(a) If a child is found to be dependent, the court may make any of the following orders of disposition to protect the welfare of the child: (1) Permit the child to remain with his parents, guardian or other custodian, subject to such conditions and limitations as the court may prescribe; (2) Place the child under protective supervision as herein provided or under the supervision of the department of pensions and security; (3) Transfer legal custody to any of the following: a. The department of pensions and security; provided, that said department is equipped to care for the child; b. A local public child-placing agency or private organization or facility willing and able to assume the education, care and maintenance of the child and which is licensed by the department of pensions and security or otherwise authorized by law to receive and provide care for such child; or c. A relative or other individual who, after study by the department of pensions and security, is found by the court to be qualified to receive and care for the child; (4) In the case of any child 14 years of age or older, where the court finds that the school officials have made a diligent effort to meet the child's educational needs and, after study, the court further finds that the child is not able to benefit appreciably from further schooling, the court may: *1376 a. Excuse the child from further compliance with any legal requirement of compulsory school attendance; and b. Authorize the child, notwithstanding the provisions of any other law, to be employed in any occupation which is not legally declared hazardous for children under the age of 18; (5) Make such other order as the court in its discretion shall deem to be for the welfare and best interests of the child; (6) In appropriate cases, award permanent custody to the department of pensions and security or to a licensed child-placing agency with termination of parental rights and authorization to place for adoption, without appointing a legal custodian or guardian or guardian of the person, or award temporary custody to the same without appointing a legal custodian or guardian or guardian of the person.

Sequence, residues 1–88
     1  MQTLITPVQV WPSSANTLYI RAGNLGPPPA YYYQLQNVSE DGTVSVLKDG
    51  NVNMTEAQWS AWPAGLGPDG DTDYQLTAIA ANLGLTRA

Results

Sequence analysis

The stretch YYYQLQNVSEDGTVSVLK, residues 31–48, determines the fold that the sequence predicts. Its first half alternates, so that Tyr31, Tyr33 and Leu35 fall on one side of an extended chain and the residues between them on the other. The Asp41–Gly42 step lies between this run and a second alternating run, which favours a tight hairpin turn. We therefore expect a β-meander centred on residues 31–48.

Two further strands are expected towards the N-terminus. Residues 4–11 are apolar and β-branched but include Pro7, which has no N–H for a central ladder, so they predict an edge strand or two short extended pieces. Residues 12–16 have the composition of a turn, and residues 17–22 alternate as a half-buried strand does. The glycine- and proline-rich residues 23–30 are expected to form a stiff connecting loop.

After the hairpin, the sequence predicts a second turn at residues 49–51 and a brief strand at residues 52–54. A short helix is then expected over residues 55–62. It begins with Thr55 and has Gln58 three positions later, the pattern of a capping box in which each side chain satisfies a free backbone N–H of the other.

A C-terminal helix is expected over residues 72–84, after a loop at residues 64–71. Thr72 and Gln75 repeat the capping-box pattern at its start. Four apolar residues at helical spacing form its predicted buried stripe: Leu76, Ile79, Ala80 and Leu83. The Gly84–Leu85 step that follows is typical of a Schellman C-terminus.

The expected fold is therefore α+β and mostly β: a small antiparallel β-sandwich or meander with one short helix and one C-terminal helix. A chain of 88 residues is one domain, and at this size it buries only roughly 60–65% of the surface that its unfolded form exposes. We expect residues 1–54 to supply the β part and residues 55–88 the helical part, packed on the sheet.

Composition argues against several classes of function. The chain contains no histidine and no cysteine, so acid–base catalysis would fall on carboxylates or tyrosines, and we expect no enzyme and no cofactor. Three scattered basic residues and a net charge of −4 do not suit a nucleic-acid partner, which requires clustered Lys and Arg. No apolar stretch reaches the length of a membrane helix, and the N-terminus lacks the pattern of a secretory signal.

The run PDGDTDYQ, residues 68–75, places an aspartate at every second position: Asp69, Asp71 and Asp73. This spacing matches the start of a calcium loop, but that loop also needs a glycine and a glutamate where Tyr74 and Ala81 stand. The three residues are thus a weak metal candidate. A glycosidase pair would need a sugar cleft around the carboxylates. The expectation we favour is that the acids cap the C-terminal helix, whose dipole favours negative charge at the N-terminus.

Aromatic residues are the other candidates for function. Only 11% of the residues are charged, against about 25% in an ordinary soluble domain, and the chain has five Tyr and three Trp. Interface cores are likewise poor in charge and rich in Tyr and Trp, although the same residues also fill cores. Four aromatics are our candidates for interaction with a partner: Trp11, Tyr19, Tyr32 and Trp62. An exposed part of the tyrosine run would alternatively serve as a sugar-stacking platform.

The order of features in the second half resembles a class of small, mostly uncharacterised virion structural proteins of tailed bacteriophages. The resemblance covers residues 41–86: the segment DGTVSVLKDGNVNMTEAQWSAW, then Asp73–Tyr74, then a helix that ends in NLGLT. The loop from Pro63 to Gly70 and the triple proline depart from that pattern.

Specifically, the mother contends that the statutory definition of "dependent child," and those terms used in the statute such as "unfit," "improper," and "neglected," are so vague as applied to the proceeding below that they fail to give sufficient warning to individuals such as herself who might be affected by their proscriptions, citing Grayned v. City of Rockford, 408 U.S. 104, 92 S. Ct. 2294, 33 L. Ed. 2d 222 (1972). She further contends that the phrase "in appropriate cases" appearing in § 12-15-71 grants impermissibly broad powers to the trial court to terminate parent-child relationships.